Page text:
Add SSL to CentOS Web Server

Here’s a handy trick for Linux users …

CentOS might well be one of the finest Linux distributions for a server environment. It is basically a mimic of Red Hat Enterprise Linux without the proprietary software and the price attached to it. With that in mind, it makes perfect sense to set CentOS up as your go-to Web server. It’s reliable, it’s stable, it’s extensible, and it’s secure.

But setting up a secure web server isn’t complete without the inclusion of SSL and certificates. If you are wanting to serve up sercure web pages you will certainly want your audience to be able to send them to https instead of http. So…with CentOS how do you do that? I will show you how.

Installing all of the packages

I will assume you already have CentOS installed as well as the Apache Web Server. Make sure you are able to go to the default Apache web page (or any web page on your CentOS web server), before you set up SSL. When you have all of that working you will need to install a couple of packages. This is done with the following steps:

  1. Open up a terminal window.
  2. Su to the root user.
  3. Issue the command yum install mod_ssl openssl.
  4. Let the installation complete.

With SSL installed and ready, it’s time to create your certificates for usage.

Creating your certificate

You will now have everything on your server to create CAs. You need to generate a private key, a csr, a self-signed key, and then you need to copy these files to the correct location. This is done with the following steps.

  1. Open up a terminal window.
  2. Su to the root user.
  3. Generate the private key with the command openssl genrsa -out ca.key 1024.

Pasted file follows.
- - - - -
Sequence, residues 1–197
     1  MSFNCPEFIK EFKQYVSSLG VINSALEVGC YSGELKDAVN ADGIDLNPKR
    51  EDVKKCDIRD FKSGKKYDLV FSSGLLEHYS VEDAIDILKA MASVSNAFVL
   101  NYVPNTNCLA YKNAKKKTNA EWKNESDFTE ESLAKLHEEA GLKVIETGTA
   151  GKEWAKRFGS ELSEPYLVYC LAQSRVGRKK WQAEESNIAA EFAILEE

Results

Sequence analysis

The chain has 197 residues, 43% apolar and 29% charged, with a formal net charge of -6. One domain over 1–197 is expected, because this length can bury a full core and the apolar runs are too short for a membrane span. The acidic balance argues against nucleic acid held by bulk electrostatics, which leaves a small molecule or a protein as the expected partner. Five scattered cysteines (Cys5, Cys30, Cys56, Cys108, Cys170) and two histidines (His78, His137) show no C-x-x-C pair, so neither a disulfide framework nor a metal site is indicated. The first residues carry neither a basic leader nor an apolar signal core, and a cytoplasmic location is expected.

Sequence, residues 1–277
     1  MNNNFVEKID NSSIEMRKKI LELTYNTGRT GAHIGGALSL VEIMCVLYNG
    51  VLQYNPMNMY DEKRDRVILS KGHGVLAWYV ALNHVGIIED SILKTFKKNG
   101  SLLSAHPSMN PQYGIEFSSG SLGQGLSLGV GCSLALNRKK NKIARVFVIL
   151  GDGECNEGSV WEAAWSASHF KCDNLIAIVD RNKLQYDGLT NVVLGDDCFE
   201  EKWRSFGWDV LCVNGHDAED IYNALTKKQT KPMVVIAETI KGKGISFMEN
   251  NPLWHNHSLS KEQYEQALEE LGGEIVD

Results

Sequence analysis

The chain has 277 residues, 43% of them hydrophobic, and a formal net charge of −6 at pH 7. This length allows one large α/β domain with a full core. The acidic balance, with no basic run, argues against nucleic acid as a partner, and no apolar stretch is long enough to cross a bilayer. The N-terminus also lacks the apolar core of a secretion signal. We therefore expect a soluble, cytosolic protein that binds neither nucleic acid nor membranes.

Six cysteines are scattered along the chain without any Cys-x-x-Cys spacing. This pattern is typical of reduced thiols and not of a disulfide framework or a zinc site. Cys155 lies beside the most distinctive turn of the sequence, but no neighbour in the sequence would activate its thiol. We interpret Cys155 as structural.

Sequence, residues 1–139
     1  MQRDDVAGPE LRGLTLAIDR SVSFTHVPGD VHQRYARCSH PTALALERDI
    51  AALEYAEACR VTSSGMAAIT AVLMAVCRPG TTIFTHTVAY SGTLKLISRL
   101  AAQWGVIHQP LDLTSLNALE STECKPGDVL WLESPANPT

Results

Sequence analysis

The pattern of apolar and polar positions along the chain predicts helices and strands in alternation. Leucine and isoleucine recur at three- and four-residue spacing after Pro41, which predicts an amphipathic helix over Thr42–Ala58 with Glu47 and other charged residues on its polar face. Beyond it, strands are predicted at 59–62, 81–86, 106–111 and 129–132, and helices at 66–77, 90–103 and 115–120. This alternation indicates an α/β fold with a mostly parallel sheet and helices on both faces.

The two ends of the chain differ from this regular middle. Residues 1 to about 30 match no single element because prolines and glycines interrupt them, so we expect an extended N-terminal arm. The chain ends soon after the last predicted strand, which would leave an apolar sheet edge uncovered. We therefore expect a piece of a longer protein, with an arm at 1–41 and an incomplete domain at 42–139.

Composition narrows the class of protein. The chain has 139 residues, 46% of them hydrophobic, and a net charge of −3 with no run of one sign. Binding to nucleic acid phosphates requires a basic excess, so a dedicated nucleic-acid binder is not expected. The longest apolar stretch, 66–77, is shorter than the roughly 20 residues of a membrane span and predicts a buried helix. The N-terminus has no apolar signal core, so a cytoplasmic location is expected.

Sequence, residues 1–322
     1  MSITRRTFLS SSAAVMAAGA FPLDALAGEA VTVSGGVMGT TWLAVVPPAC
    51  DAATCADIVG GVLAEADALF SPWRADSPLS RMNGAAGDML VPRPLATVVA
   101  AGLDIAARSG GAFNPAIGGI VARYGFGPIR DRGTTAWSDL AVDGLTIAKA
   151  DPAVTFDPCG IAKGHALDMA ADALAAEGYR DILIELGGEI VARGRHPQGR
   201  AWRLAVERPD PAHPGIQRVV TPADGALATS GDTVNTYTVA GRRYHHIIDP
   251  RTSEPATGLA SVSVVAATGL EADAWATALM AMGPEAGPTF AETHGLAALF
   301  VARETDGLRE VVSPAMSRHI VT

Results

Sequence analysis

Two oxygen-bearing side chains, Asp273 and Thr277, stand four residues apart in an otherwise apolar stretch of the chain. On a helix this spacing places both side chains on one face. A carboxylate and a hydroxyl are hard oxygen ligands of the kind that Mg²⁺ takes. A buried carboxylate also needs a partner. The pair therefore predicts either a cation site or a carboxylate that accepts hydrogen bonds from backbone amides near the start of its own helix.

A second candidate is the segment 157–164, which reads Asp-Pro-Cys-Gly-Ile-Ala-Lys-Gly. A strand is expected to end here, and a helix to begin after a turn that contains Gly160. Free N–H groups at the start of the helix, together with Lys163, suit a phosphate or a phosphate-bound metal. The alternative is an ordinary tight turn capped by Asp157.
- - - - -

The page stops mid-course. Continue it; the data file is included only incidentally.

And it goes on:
4. Generate the csr with the command openssl req -new -key ca.key -out ca.csr.
  5. Generate the self-signed key with the command openssl x509 -req -days 365 -in ca.csr -signkey ca.key -out ca.crt.
  6. Move the self-signed key with the command cp ca.crt /etc/pki/tls/certs.
  7. Move the private key with the command cp ca.key /etc/pki/tls/private/ca.key.
  8. Move the csr with the command cp ca.csr /etc/pki/tls/private/ca.csr.

Edit the Apache SSL configuration

Open the file /etc/httpd/conf.d/ssl.conf and look for the section SSLCertificateFile. Make sure that line reads:

SSLCertificateFile /etc/pki/tls/certs/ca.crt

Now look for the SSLCertificateKeyFile and make sure that section reads:

SSLCertificateKeyFile /etc/pki/tls/private/ca.key

Save that file and you are ready to restart Apache.

Restart and test

Before you try to test Apache’s new SSL feature, you must restart the daemon. To do this issue the command /etc/rc.d/init.d/httpd restart. Hopefully you will see no warnings or errors. If not, then point your browser to https://ADDRESS_TO_SERVER Where ADDRESS_TO_SERVER is either the IP Address or the domain. You should then see a warning from your browser about the certificate for the site. If you see this warning congratulations, your Apache server is now ready for secure connections.

Remember, though, you created a self-signed certificate. To get the most out of SSL you might want to purchase a CA from a trusted name like Verisign (There are, of course, plenty of other places where you can purchase those certifiacates).

© Jack Wallen for gHacks Technology News, 2010. | Permalink | Add to, digg, facebook, reddit, twitter
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